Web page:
21/50 | Phoenix City, China
One Wednesday over lunch a fax arrived at HTA from Sun Co in China offering a large fee for a competition to design 10,000 houses if someone could be in Shanghai the following Saturday. Not dissimilar from the unexpected invitation to design some Public Houses 25 years before the invitation came out of the blue as Sun Co looked for a British Architect specialising in Housing to bring some innovative design to China. The following day Sandy Morrison in his role as Design Director secured a Visa and the day after that was on a 13 hour flight to Shanghai.
Suzhou is one of a clutch of overseas projects designed by HTA that continues today advising on design with modular systems in Hong Kong. Suzhou is known for its waterways and historic gardens was to be grown into a city of 8 million people, the 10,000 homes of the competition for Phoenix City would be built in the first year, an impressively ambitious goal. The first visit to the site found the urban infrastructure already in place with a distant hospital and factories, and roads with no traffic complete with working traffic lights. Between the roads were paddy fields.
Sun Co was keen to innovate but there were guiding principles that had to be followed. Sunlight needed to reach the back of all rooms at least 2 days per year, all flats had to be dual aspect and all homes had to face South.
With block sizes already fixed the design principles met HTA’s principles of streets, active frontage and low rise, high density to eventually propose perimeter blocks turned through 45degrees, low on the southern sides and high on the northern sides, ranged across the grid of streets. Many low-rise buildings were being demolished to make way for higher densities but still retained their appeal and when re-imagined as part of something larger could meet need at a familiar scale. Flats were arranged two to a core on each floor to be dual aspect and each flat was large with a typical 2-bedroom unit at around 100m2. While there were many, each home provided lots of natural light and a good quality of space beneficial to family life, which is of great cultural importance.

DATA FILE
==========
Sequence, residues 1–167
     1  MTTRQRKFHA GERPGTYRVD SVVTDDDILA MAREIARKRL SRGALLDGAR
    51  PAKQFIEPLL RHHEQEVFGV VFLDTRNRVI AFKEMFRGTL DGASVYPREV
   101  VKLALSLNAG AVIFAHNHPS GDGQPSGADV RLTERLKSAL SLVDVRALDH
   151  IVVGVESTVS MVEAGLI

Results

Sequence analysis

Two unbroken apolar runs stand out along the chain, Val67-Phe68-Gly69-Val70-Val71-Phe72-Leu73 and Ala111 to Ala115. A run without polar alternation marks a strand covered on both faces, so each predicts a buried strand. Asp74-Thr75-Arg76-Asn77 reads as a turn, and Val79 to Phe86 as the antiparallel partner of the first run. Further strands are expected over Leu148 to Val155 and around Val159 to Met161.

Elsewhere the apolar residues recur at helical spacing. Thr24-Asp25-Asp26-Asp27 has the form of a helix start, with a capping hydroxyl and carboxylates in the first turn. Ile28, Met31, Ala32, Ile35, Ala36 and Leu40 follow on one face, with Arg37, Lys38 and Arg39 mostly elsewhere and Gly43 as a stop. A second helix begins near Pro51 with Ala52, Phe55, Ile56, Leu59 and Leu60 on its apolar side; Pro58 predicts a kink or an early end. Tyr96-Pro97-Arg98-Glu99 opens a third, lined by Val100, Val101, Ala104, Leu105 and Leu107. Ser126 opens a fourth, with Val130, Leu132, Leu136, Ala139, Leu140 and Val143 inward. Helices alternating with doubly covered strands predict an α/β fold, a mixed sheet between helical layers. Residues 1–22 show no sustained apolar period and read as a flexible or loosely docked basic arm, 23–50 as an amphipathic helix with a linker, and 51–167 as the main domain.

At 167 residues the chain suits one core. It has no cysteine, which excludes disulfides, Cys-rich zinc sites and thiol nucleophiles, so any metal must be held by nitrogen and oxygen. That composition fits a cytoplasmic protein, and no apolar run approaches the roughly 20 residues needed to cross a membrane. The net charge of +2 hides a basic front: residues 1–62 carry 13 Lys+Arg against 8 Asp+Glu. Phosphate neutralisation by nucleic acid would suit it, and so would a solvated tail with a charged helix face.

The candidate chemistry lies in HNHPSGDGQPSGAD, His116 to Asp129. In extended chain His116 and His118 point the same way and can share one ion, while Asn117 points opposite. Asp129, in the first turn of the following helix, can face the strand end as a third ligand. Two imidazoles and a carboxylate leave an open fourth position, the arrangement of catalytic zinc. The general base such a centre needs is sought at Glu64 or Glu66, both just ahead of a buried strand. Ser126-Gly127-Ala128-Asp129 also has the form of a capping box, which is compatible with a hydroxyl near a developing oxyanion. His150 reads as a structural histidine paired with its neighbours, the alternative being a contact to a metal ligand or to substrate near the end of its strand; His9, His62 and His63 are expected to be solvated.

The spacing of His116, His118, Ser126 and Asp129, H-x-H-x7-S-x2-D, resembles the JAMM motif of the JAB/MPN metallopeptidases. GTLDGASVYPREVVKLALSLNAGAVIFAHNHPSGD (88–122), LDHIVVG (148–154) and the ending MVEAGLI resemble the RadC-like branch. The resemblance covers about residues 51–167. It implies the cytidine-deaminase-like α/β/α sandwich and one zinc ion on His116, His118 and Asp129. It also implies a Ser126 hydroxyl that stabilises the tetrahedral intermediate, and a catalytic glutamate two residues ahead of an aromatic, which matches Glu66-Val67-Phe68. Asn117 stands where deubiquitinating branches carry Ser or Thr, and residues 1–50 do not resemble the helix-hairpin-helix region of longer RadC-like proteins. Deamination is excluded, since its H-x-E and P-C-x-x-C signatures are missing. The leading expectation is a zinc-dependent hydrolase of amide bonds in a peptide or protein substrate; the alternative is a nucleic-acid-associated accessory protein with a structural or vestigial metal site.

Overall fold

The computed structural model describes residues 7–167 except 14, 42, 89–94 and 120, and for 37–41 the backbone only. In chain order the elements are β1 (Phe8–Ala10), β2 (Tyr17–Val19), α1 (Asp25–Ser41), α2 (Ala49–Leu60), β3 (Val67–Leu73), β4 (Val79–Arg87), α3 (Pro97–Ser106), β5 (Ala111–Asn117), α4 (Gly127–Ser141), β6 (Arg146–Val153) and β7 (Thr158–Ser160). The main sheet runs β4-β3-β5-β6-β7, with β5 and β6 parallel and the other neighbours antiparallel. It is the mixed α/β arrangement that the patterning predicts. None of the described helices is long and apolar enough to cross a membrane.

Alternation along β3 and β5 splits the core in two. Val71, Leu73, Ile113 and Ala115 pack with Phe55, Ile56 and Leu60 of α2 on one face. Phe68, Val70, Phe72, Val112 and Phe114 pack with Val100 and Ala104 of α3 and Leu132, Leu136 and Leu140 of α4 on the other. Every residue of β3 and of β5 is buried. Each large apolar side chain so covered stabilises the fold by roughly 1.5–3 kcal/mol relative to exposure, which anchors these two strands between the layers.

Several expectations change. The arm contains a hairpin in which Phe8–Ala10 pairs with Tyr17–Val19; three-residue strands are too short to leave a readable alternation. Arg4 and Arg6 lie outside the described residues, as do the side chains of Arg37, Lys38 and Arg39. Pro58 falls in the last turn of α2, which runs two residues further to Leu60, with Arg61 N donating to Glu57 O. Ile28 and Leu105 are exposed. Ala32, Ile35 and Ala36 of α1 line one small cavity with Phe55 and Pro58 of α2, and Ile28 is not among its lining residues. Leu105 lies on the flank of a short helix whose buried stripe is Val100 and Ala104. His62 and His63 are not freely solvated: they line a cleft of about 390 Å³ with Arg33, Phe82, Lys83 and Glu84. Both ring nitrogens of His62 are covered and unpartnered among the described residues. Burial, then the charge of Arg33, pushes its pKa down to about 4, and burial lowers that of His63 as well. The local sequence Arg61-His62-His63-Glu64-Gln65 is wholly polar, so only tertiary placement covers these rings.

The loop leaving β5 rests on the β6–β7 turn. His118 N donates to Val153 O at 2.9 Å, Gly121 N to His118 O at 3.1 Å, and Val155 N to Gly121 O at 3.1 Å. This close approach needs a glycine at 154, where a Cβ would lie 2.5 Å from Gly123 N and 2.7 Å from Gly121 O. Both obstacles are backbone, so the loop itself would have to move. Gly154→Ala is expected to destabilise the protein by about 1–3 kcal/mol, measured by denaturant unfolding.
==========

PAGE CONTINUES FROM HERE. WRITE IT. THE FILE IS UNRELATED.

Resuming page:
Success in the competition led to several months more work and many trips to China. Presentations would be made to the large project team assembled from all over China to live and work together to create the thousands of houses over the short timescale requiring very long hours from everyone involved. Time spent there was spent working, and occasionally indulging in a little sleep.
Other projects with Sun Co include masterplans for 4,500 homes at Waigang, the focus of China’s automotive industry, and 1,400 homes for the Long Beach Holiday Scene District also in Suzhou.